Delaware Legislation will Protect Cyclists and Pedestrians
(posted to site August 4, 2003)
Abby Reichardt of Dover, DE, felt "betrayed" by the justice system when the driver of a truck that struck and killed her father had his charge reduced from criminally negligent homicide to careless driving, a misdemeanor offense with a potential maximum sentence of a $115 fine and 30 days in prison. Her father, Warren G.H. Pritchett Jr., was struck from behind by a truck while bicycling along a rural road last November 20.
When she learned of the reduced charge, Reichert contacted every officeholder who could possibly help change the law. She was greatly assisted by Don Carbaugh, chairman of the Delaware Bicycle Council, an appointed body that advises the governor on bicycle-related issues. Recently, the Delaware State Senate passed HB190, the Warren G.H. Pritchett Jr. Act, which was signed by Governor Ruth Ann Minner, closing a gap in the Delaware legal code that had allowed some drivers to face little more than a reckless driving charge when involved in a crash, even if their actions caused the death of another person. The Act adds an unclassified misdemeanor to the state's traffic code, and provided a first-offense penalty of a maximum $1,150 fine and 30 months imprisonment.
(Reprinted by permission from the League of American Bicyclist e-newsletter)
In 1995 the state legislature passed a helmet law which took effect April 1, 1996. This law requires all children under age 16 to wear a helmet while bicycling or in a trailer or child bicycle seat and establishes a bicycle helmet bank to provide free helmets to low income children who cannot afford to buy helmets. Other states have bicycling laws online.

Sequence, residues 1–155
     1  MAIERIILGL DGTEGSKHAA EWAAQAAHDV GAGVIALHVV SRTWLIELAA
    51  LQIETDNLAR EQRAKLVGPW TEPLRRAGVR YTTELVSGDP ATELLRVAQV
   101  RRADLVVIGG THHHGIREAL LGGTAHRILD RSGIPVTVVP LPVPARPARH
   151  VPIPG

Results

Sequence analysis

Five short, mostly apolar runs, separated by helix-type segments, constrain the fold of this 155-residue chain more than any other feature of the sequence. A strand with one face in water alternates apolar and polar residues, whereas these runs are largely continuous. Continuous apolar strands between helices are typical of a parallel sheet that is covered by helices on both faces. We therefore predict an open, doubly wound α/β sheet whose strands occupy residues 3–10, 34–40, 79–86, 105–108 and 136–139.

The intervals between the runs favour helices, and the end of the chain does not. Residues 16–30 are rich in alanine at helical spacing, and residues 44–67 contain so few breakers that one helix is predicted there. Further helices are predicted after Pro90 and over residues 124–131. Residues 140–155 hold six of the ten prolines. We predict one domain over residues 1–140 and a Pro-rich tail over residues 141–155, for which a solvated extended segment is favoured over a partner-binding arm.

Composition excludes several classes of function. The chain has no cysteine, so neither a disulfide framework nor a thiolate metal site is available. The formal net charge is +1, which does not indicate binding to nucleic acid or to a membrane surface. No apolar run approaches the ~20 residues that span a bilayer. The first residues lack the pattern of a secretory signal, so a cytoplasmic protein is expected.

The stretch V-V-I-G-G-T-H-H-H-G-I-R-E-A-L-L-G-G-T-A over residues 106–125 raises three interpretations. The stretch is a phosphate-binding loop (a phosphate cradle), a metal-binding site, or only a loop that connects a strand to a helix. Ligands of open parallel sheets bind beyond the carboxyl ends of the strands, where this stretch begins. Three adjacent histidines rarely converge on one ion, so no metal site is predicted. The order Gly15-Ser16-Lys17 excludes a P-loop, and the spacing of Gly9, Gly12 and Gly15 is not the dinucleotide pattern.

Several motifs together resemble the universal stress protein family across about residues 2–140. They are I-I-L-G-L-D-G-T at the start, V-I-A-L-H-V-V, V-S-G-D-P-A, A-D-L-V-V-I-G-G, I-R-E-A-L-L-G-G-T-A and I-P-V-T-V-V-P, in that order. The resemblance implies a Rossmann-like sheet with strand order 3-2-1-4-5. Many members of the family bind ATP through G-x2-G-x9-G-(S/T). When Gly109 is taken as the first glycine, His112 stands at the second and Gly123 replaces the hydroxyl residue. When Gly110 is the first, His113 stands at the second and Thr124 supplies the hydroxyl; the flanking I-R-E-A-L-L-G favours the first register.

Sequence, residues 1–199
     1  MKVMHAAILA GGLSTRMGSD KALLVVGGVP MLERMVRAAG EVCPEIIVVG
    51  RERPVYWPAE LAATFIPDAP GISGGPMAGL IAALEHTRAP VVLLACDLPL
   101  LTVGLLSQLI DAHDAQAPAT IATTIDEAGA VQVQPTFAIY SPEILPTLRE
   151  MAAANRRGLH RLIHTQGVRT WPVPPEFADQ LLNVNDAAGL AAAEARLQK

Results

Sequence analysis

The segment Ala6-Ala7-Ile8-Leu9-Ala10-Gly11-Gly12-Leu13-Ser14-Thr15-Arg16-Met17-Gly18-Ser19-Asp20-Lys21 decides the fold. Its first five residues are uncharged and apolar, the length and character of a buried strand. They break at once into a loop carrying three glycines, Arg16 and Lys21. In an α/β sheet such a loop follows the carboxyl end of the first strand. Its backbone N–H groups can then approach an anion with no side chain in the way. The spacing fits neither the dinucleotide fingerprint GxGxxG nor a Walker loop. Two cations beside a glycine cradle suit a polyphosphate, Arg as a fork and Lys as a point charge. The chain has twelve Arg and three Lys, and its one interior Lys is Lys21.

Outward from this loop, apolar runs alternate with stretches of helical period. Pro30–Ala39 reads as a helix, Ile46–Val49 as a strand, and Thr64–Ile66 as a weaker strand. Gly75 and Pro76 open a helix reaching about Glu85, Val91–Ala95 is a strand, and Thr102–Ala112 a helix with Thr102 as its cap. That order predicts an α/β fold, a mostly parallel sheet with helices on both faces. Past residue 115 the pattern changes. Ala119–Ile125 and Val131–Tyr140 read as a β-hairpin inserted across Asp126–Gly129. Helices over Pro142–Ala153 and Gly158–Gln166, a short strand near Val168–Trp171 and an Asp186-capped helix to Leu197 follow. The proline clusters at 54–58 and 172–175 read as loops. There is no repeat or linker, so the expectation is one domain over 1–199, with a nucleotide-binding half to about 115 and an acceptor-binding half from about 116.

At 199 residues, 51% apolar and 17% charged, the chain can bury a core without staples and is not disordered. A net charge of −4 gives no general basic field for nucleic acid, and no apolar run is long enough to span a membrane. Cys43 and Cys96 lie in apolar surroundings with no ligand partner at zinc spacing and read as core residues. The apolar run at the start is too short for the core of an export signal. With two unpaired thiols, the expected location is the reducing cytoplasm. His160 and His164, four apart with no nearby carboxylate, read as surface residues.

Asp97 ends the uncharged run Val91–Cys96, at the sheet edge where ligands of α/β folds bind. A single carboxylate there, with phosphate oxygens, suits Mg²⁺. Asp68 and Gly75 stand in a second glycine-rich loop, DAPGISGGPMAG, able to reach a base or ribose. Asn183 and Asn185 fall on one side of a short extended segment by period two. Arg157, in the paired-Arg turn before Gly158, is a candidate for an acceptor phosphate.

Child Bicycle Helmet Law (HB 57)
Effective April 1, 1996 a person under sixteen years of age shall not operate, ride upon, or ride as a passenger any bicycle, unless that person is wearing a properly fitted and fastened bicycle helmets which meets or exceeds the ANSI Z90.4 bicycle helmet standard (or subsequent standard) or the Snell Memorial Foundation's 1984 Standard (or subsequent standard) for Protective Headgear for Use in Bicycling. This requirement shall apply to a person who rides upon a bicycle while in a restraining seat which is attached to the bicycle or in a trailer towed by the bicycle. This requirement applies at all times while a bicycle is being operated on any property open to the public or used by the public for pedestrian and vehicular purposes.
Any guardian who fails to cause his child to wear a bicycle helmet shall be fined for the first offense $25, and for each subsequent offense $50. The court may dismiss all charges if presented evidence that a violator has purchased or obtained a bicycle helmet meeting the standards mentioned above.
Bicycle Helmet Bank and Bicycle Safety Education Programs
The helmet law also led to the formation of a bicycle helmet bank to provide free helmets to children who cannot afford to buy helmets. Helmets are available through the public schools. For more information call 760-BIKE.
Also, the law called for expansion of the University of Delaware Cooperative Extension Service's BIPED safety education program. Now every elementary and middle school in the state is offered a program on bicycle safety presented by volunteers from area bicycle clubs and other volunteers. For further information, contact Mark Manno in New Castle County at 831-8965. In Kent county please contact John Urban at (302) 697-4000 and in Sussex county please contact Ron Jester at (302) 856-7303 or Diaz Bonville.
Other Delaware Bicycling Laws:
- Parents and guardians shall not authorize or permit violation of these laws by the child or ward.
- Every person riding a bicycle shall have all the rights and responsibilities of a driver of any other vehicle.